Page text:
Figure 3 - Post-Route Timing Simulation Results Showing a Repeating Data Pattern In order to verify this sample design, a simulation was run using the ModelSim tools provided with ispLEVER. These results are shown in Figures 3 and 4. In Figure 3, the repeating data pattern used as an input can be seen as the value shown for the dataout port. The dataout port is connected to the read port of the pseudo Dual Port RAM module. The data is read out of memory when the read address is incremented in the test-bench used for this simulation. Figure 4 shows the timing relationship between the data input and the OUTCLK and FRAME signals. Note that the FRAME signal has been shifted in the test-bench to the position shown. This shows the relationship that is required at the maximum clock rate to read the data accurately. In actual practice, a PLL or DLL would be used to shift the FRAME signal to this alignment. Please see the ADC14DS065/080/095/105 datasheet for the FRAME signal alignment that is output from the ADC. The left cursor marks the beginning of a data frame. The right cursor marks the beginning of the next data frame. There are seven OUTCLK periods in the data frame for the 14 bits of data. The total data frame time shown is for an OUTCLK rate of 417 MHz, which corresponds to a 59.5 MSPS data rate in one lane mode.
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The input signal from the ADC is data_sd0 and it can be seen that the value in this frame is: 10 0100 1001 1001 This corresponds to a value of 9369, which is the sixth value in the sequence as shown in figure 3.

Figure 4 - Post-Route Timing Simulation Results Showing a Data Input Pattern

System Applications Using FPGAs and ADC


The high performance ADCs discussed in this white paper can be found in many different applications, including: High IF Sampling Receivers Wireless Base Station Receivers Radar Systems Power Amplifier Linearization Test and Measurement Equipment Multi-carrier Multi-mode Receivers Communications Instrumentation Portable Instrumentation

Interfacing Analog to Digital Converters to FPGAs A Lattice Semiconductor White Paper

Summary
The LatticeECP2/M and LatticeXP2 FPGAs are ideally suited for use with the National Semiconductor ADC chips. The LatticeECP2/M and LatticeXP2 are low cost FPGAs with fast I/O and advanced capabilities that readily interface with the highspeed data signals that are output from these high performance, analog-to-digital converters.

Appendix
The Verilog code of the sample design for the serial ADC interface is shown below:
// 14 bit Data input from Analog to digital converter - serial single channel module serial(rst,outclk,frame,data_sd0,datout,rd_addr);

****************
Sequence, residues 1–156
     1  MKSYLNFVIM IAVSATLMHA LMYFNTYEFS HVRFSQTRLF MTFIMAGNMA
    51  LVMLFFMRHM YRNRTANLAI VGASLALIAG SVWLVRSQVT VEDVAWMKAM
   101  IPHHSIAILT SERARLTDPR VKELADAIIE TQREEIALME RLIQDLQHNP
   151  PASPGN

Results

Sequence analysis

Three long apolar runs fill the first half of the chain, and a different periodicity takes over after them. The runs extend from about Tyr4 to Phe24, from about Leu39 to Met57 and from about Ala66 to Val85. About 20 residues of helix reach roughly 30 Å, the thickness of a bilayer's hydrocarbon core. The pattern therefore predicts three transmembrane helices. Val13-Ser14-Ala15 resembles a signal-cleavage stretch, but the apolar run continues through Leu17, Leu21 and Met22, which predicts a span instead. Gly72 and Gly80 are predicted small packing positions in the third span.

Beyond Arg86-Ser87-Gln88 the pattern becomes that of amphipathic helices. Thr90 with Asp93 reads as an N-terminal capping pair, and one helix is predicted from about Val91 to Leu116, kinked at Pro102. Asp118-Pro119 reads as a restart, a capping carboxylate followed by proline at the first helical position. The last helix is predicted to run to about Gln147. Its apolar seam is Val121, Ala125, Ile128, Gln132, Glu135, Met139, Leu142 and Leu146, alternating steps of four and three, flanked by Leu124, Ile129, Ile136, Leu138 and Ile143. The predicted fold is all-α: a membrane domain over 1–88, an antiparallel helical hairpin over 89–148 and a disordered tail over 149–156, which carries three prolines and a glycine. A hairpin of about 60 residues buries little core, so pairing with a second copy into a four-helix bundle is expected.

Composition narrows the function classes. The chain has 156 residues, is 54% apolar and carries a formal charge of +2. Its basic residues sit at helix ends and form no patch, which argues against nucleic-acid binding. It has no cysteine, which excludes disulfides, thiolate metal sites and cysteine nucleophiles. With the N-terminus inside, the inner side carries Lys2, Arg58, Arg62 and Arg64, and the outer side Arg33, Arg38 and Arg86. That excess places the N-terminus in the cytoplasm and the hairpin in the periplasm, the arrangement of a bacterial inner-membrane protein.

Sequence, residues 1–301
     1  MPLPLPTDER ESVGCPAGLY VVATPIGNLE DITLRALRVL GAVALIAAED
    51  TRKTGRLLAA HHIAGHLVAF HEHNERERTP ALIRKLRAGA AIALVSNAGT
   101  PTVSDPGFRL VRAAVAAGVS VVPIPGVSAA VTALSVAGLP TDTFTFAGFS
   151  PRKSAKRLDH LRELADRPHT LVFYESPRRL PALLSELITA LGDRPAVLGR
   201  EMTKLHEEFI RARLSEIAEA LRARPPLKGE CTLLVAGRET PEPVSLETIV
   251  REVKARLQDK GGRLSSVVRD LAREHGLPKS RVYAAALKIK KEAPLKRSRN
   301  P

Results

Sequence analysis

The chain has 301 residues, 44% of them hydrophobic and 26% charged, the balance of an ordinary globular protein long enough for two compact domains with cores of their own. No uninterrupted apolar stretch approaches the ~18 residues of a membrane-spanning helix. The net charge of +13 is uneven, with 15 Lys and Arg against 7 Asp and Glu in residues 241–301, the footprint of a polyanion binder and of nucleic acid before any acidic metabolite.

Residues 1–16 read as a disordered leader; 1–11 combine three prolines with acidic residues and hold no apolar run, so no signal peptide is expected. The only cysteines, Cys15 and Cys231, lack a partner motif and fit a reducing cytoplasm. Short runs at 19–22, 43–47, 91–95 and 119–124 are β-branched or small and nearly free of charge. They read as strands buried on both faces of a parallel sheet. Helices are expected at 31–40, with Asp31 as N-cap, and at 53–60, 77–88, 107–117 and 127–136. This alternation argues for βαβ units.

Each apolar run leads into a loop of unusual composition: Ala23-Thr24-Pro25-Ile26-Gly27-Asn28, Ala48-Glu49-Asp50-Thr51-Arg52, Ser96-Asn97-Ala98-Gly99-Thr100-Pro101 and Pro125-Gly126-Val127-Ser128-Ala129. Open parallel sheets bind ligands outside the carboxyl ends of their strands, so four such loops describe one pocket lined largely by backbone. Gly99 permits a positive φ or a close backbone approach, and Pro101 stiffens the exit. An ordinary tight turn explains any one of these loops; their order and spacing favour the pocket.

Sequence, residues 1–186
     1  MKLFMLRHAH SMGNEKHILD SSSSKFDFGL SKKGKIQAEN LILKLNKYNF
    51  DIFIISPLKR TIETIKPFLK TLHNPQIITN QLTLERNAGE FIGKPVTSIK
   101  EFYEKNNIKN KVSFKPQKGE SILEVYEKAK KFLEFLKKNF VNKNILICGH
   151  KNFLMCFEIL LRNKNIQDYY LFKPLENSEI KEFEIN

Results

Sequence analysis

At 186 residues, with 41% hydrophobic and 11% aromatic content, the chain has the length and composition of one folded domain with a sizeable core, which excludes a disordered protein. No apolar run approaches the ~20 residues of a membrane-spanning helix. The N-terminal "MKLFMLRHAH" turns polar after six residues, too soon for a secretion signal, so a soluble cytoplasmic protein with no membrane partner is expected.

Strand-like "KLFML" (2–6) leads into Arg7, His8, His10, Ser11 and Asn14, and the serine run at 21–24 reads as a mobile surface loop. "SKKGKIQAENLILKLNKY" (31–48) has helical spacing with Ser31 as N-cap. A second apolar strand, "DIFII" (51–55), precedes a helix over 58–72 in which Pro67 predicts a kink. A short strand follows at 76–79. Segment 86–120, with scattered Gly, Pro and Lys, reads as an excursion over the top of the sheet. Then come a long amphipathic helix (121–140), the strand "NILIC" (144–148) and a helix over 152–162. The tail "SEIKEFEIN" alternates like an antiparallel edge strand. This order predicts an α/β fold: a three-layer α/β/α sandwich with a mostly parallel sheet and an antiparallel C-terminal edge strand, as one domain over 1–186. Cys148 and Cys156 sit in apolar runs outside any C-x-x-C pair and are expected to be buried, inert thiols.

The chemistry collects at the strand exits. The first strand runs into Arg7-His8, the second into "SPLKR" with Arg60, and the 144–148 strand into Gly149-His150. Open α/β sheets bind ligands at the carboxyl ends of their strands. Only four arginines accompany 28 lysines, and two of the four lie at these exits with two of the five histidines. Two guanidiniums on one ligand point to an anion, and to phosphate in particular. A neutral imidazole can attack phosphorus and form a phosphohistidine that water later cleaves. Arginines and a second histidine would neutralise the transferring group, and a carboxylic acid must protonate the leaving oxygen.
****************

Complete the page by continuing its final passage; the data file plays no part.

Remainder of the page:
input input

rst, outclk, frame ; data_sd0 ;

output [13:0]datout ; input reg reg reg reg [9:0]rd_addr ; [13:0] data_in ; [13:0] datareg0 ; [9:0] wr_addr ; wr_enable ;

/* Verilog module instantiation template generated by SCUBA ispLever_v70_Prod_Build (55) */ /* Module Version: 4.1 */ /* Wed Aug 15 11:34:57 2007 */ /* parameterized module instance */ RAM_dp RAM_u1 (.WrAddress(wr_addr), .RdAddress(rd_addr), .Data(datareg0), .RdClock(frame), .RdClockEn(1'b1), .Reset(rst), .WrClock(frame), .WrClockEn(1'b1), .WE(wr_enable), .Q(datout));

// Shift register to capture the serial data from data_sd0 port on positive edge always @(posedge outclk or posedge rst) begin if (rst) begin data_in[13] = 1'b0 ; data_in[11] = 1'b0 ; data_in[9] = 1'b0 ; data_in[7] = 1'b0 ; data_in[5] = 1'b0 ; data_in[3] = 1'b0 ; data_in[1] = 1'b0 ; end
10 Interfacing Analog to Digital Converters to FPGAs A Lattice Semiconductor White Paper

else begin data_in[13] = data_in[11] ; data_in[11] data_in[9] data_in[7] data_in[5] data_in[3] data_in[1] end end = = = = = = data_in[9] data_in[7] data_in[5] data_in[3] data_in[1] data_sd0 ; ; ; ; ; ;

// //

shift register to accumulate data bits

// //

add new data bit into shift register

// Shift register to capture the serial data from data_sd0 port on negative edge always @(negedge outclk or posedge rst) begin if (rst) begin data_in[12] = 1'b0 ; data_in[10] = 1'b0 ; data_in[8] = 1'b0 ; data_in[6] = 1'b0 ; data_in[4] = 1'b0 ; data_in[2] = 1'b0 ; data_in[0] = 1'b0 ; end else begin data_in[12] = data_in[10] ; // shift register to accumulate // data bits data_in[10] = data_in[8] ; data_in[8] = data_in[6] ; data_in[6] = data_in[4] ; data_in[4] = data_in[2] ; data_in[2] = data_in[0] ; data_in[0] = data_sd0 ; // add new data bit into shift // register end end // data capture at frame signal always @(posedge frame or posedge rst) begin if (rst) begin datareg0 = 14'b00000000000000 ; wr_addr = 9'b000000000 ; // initialize the memory write address // counter wr_enable = 1'b1 ; // initialize the memory write enable // signal end else begin datareg0 = data_in ; // add new word of data into data register if (wr_enable) wr_addr = wr_addr + 1 ; else wr_addr = wr_addr ; // if (wr_addr[9]) wr_enable = 1'b0 ; // 1
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//

increment the address counter

hold the address counter at this value disable write enable when address MSB =

// else wr_enable = 1'b1 ; end end endmodule

to prevent overwriting data in memory

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Interfacing Analog to Digital Converters to FPGAs A Lattice Semiconductor White Paper